In the context of intergroup relations, the interpersonal relation is where the rubber hits the road.  The reasons are that, when various groups’ members associate or interact with each other, there are high chances of prejudice and stereotyping influencing their behaviour. Specifically one of the most striking consequences of stereotypes massively depends on automatic behavior.  “When a given group activates their stereotype, these stereotypes tend to elicit a response to behavior” (Ito et al., 2016). For example, when one thinks about the elderly, one may tend to think about an individual who is strolling or having a more significant forgetfulness. Therefore the mechanism that produces ties effects and this basis of operation are because of understanding and perceiving an essential behavioural concept.

Moreover, self –fulfilling prophecy is another essential behavioural manifestation of prejudice and stereotype.  For instance, “in the interaction between different races, the bias that may be expected of an individual on another race may make them behave in a way that may elicit specific behavior” (Ito et al., 2016).  And when we interact with somebody from a different race, we speculate that the interaction will not be commendable. “Thus we may consequently interact with these group of people coldly, thus eliciting a cold response” (Bodenhausen and Richeson).

Therefore, processes unfold typically, since the expectations of stereotypes can be unintentionally activated. Even though prejudice and stereotyping are ubiquitous, both internal codes and social norms of being non-prejudiced may lead a person from being non-prejudiced, thus leading into controlling their expression (Bodenhausen and Richeson). Contrary to the theories which assert that it is inevitable to encounter prejudice to a given group of people, numerous studies have shown that there is the likelihood of social perceivers to govern and control the activation of bigotry at the initial stages and also control, the influence of stereotypical associations on behaviour and judgment.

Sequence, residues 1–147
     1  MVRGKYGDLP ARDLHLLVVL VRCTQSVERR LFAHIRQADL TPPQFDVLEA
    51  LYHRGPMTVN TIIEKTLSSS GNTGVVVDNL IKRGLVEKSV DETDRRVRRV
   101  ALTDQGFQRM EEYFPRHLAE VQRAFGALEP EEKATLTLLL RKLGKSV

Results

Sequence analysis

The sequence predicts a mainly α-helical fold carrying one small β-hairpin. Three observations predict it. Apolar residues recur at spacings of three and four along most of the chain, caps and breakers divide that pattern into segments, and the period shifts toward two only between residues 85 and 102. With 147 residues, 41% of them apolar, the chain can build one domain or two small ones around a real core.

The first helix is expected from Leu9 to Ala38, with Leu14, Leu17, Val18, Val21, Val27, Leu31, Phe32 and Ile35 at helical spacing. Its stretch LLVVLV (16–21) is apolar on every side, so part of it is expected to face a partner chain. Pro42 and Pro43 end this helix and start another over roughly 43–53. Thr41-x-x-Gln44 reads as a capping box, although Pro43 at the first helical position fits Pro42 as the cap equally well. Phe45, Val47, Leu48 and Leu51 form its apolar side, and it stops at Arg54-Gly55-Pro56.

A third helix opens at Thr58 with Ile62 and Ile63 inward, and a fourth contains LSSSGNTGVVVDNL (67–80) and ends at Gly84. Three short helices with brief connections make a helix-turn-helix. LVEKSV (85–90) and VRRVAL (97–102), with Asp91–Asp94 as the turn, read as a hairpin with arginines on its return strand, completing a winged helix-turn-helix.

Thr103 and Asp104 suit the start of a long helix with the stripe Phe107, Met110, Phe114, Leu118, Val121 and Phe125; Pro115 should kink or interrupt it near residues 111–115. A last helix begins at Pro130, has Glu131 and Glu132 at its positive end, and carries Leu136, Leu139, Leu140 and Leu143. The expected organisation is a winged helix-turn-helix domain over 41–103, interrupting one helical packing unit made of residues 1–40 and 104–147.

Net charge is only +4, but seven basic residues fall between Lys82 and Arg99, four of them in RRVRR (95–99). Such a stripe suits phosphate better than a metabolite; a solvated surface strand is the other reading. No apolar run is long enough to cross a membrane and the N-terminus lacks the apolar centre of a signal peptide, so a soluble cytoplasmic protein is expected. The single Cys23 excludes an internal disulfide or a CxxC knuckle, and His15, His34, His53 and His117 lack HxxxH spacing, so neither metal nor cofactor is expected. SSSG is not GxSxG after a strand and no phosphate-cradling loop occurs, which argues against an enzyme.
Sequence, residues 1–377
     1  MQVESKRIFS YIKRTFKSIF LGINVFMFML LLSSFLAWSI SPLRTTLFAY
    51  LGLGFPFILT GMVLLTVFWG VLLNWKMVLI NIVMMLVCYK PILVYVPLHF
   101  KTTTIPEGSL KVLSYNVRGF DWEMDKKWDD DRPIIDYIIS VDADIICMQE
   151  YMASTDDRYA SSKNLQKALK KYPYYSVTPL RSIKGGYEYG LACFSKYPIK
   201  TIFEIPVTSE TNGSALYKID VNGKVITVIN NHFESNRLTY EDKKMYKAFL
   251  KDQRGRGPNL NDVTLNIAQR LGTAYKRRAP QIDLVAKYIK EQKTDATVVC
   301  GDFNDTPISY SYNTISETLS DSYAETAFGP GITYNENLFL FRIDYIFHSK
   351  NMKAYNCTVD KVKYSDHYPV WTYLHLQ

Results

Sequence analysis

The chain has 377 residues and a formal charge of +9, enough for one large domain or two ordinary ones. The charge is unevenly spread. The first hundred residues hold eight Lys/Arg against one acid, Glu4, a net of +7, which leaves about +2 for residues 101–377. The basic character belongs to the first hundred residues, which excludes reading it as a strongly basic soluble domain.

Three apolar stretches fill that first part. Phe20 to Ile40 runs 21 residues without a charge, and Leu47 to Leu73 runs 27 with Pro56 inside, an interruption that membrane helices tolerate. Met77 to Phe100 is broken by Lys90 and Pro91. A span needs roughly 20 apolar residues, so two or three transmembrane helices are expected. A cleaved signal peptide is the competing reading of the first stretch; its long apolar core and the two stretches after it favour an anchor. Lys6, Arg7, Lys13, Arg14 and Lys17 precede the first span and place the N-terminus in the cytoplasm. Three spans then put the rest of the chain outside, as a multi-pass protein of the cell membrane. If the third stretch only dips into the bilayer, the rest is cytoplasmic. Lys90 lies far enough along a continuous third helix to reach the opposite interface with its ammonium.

“The expression of intergroup biases significantly depends on the interaction between the automatically-activated mental executive and association control” (Bodenhausen and Richeson).  Therefore there are two methods we can use to minimise the feeling of prejudice, firstly is to lessen the level in which people automatically perceive members for low-status background, social groups stereotypically. Consequently, in the absence of automatically activated biases, people are less likely to be prejudiced. The second method is about increasing the motivation of an individual, and ability to control their expression of prejudice which has been motivated.

In conclusion, although it was initially thought that the activation of stereotypical and prejudicial mental associations when interacting with different groups are inevitable, recent researchers have proved otherwise.  The degree to which the biased psychological association becomes activated is dependent on numerous factors incorporating chronic individuals such as those who perceive the persistent explicit motivation and attitude, to respond to the ways which are not biased, social context features, and the situational goals of an individual.

Since people cannot immediately alter their chronic motivations and attitudes, change their stages of motivation and goals and control their reaction when they come across members from stigmatised groups, rescuers have developed several techniques of regulating the expression of bias such as perspective taking. Specifically, perspective taking is a successful method which may undermine the activation of based mental association although during intergroup interaction is less straightforward.

The Nature of Prejudice and Discrimination essay

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The Nature of Prejudice and Discrimination. (2021, Nov 17). Retrieved from https://samploon.com/the-nature-of-prejudice-and-discrimination/